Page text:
Why and how youth should/could get involved in agriculture

AgricultureChildren and youth


1. Are youth in this area involved in agriculture?

2. If yes, what aspects of crop and livestock production, or other food-related businesses are they involved with? (Keep in mind that food-related businesses vary from farming-related businesses such as agricultural services provision to restaurants and food transport.)

3. If not, why not? What are the barriers to youth engaging in agriculture?

a. Follow-up questions:

a.i. Do youth think that agriculture is not modern enough, that it’s outdated and old-fashioned?
a.ii. Do youth feel that working as a farmer or in food-related businesses means that they are taking a step backward and they and their occupation will have low status?
a.iii. Do youth think that they can’t make enough money through agriculture? Do they think that farming is not a good way to make money quickly?
a.iv. Do youth feel that traditional academic training in agriculture is too lengthy and abstract and that they will never be knowledgeable enough to succeed in farming?
a.v. Are youth discouraged by the administrative requirements of farming, for example the need to get complicated and costly business licenses, standards compliance certificates, write funding proposals and the like?
a.vi. Do youth lack transportation to get their products to market?
a.vii. Do youth lack access to land for farming?

a.vii.1. If so, what are the typical processes for family succession on farms in this area?
a.vii.2. If so, how can older farmers be encouraged to include youth in decision-making on the farm and keep them engaged until they are ready to pass on decision-making?
a.vii.3. If so, do communities have access to land that they can provide to youth interested in farming, either through rentals or grants or other mechanisms?

a.viii. Do youth lack mentors who can help them learn agricultural practices, marketing practices, financial literacy, and how to be successful?

a.viii.1. If so, are there agricultural organizations or individual farmers, traders, processors, and others who are interested in and willing to train youth?
a.viii.2. Can other youth who are successfully engaged in farming or the many other types of food-related enterprises from restaurants to agricultural service providers, act as mentors?

a.ix. Do youth lack access to credit to engage in new agro-enterprises?

a.ix.1. If so, what innovative or traditional solutions can be implemented to increase youth access to credit?

a.x. Are youth interested in using modern communication technologies to increase sales and marketing opportunities, improve yields, or otherwise make farming more successful and exciting?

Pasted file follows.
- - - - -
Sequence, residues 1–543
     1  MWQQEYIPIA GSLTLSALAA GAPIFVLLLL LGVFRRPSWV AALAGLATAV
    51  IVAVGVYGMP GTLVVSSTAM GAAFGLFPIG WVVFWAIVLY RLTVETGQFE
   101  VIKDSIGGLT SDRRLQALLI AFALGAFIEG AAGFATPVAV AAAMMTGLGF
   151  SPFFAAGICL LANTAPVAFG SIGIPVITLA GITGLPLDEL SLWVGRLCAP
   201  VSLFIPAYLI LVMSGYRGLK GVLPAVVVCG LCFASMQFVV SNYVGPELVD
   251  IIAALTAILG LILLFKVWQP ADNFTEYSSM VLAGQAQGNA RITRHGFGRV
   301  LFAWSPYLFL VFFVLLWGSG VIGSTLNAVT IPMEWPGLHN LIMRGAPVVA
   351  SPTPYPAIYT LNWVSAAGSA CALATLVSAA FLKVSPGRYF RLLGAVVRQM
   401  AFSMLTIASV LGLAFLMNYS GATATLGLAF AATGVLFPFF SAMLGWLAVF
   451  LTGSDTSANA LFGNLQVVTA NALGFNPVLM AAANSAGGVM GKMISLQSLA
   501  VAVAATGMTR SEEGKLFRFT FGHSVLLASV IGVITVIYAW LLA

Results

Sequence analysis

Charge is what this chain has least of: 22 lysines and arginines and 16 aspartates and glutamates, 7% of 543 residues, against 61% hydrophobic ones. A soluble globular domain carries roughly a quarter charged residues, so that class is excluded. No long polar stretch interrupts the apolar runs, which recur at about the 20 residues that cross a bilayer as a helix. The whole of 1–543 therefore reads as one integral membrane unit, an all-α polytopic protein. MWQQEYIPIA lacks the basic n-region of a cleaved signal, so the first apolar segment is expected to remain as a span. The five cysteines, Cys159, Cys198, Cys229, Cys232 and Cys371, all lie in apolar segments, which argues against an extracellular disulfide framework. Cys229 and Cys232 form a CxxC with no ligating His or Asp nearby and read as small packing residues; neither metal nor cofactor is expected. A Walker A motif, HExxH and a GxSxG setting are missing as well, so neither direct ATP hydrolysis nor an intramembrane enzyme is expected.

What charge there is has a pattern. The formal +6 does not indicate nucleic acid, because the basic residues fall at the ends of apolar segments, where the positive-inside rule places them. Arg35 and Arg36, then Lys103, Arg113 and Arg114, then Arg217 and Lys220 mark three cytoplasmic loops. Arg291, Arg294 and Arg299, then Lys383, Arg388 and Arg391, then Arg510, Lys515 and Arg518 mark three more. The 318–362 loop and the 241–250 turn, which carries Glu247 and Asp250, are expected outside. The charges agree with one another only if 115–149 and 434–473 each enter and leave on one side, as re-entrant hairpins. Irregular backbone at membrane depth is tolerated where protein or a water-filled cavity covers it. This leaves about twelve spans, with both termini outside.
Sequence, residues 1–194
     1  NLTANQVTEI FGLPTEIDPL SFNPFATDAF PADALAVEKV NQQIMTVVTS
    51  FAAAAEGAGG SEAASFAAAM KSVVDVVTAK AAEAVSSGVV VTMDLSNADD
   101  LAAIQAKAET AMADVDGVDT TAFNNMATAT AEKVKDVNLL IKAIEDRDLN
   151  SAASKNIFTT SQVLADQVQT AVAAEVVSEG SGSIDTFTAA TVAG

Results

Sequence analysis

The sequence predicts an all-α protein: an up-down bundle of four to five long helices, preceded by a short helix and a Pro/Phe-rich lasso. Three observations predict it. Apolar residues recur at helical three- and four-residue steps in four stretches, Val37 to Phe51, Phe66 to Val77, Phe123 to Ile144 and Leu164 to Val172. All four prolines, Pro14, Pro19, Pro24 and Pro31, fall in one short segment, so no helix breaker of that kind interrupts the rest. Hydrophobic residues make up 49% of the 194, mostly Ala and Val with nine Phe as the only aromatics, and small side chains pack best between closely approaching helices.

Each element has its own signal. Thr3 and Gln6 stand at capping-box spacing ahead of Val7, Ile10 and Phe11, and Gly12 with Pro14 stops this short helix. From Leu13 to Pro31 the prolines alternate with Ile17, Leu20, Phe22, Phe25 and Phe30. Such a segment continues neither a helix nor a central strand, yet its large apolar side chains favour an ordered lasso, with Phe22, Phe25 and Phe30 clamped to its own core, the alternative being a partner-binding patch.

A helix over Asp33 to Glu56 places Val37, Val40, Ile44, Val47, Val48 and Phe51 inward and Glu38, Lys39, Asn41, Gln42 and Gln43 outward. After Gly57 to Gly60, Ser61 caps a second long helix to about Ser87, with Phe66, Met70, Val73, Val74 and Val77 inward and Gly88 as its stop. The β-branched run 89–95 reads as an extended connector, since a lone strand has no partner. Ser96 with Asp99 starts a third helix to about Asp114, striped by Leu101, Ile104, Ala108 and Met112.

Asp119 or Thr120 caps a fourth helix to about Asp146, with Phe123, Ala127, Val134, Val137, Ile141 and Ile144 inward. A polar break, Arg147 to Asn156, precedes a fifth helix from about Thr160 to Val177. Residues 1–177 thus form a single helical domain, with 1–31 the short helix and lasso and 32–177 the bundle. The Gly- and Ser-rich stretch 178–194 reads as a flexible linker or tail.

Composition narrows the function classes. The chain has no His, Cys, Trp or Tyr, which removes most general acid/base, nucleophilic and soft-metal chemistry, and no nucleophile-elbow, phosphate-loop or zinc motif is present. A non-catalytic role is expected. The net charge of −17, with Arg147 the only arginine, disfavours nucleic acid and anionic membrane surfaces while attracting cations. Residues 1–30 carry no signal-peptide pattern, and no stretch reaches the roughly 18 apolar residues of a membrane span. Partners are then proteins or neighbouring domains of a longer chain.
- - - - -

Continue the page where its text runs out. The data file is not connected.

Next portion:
a.xi. Are youth interested in using innovative strategies and stimulating their creativity to improve agriculture?

4. Are youth more interested in some parts of the agriculture value chain than others? If so, which parts?

a. Follow-up questions:

a.i. Are they more interested in marketing and other activities where they can use social media and other digital tools?
a.ii. Are they more interested in home-based processing, for example of organic products, medicinal foods, or other innovative products?
a.iii. Are they interested in catering in urban areas?
a.iv. Are they interested in acting as a liaison between farmers and urban or peri-urban supermarkets?
a.v. Are they interested in consulting to large farms and food-related business to increase their efficiency and marketing?
a.vi. What other parts of the food chain are they particularly interested in?

5. For young women, there may be additional barriers to engaging in agriculture and food-related businesses. Or, existing barriers may be more powerful and limiting. Ask young women:

a. As well as the barriers that all youth face in engaging with agriculture and food-related businesses, are there specific barriers for young women who wish to engage? If so, what are they?

a.i. Follow-up questions:

a.i.1. Do young women have more difficulty accessing land for farming?

a.i.1.a. If so, does this limit their willingness to try farming?

a.i.2. Are there cultural, social, or religious reasons that young women do not feel comfortable engaging in farming?

a.i.2.a. If so, what are those reasons?

a.i.3. Are there specific financial reasons why young woman find it difficult to engage in farming?

a.i.3.a. If so, what are these reasons?
a.i.3.b. If so, are these barriers so discouraging that young women do not even consider engaging in farming?

a.i.4. Are there parts of the agricultural value chain that young women are more interested in engaging in than crop or livestock production—for example, vending and small-scale processing?

a.i.5. What other barriers do young women face in engaging with crop or livestock production, or other food-related businesses?


Contributed by: Farm Radio International, Radio Resources team

Reviewed by: Juliet Tunje, Social Inclusion Advisor for the USAID KCDMS Activity

Farm Radio International is working with the Feed the Future Kenya Crops and Dairy Market Systems Activity (KCDMS) of USAID, implemented by RTI International, to co-create radio content resources aimed at advancing youth entrepreneurship in agribusiness. This activity is made possible by the generous support of the American people through the United States Agency for International Development (USAID) with technical assistance from RTI International. The contents are the responsibility of Farm Radio International and do not necessarily reflect the views of USAID or the United States Government.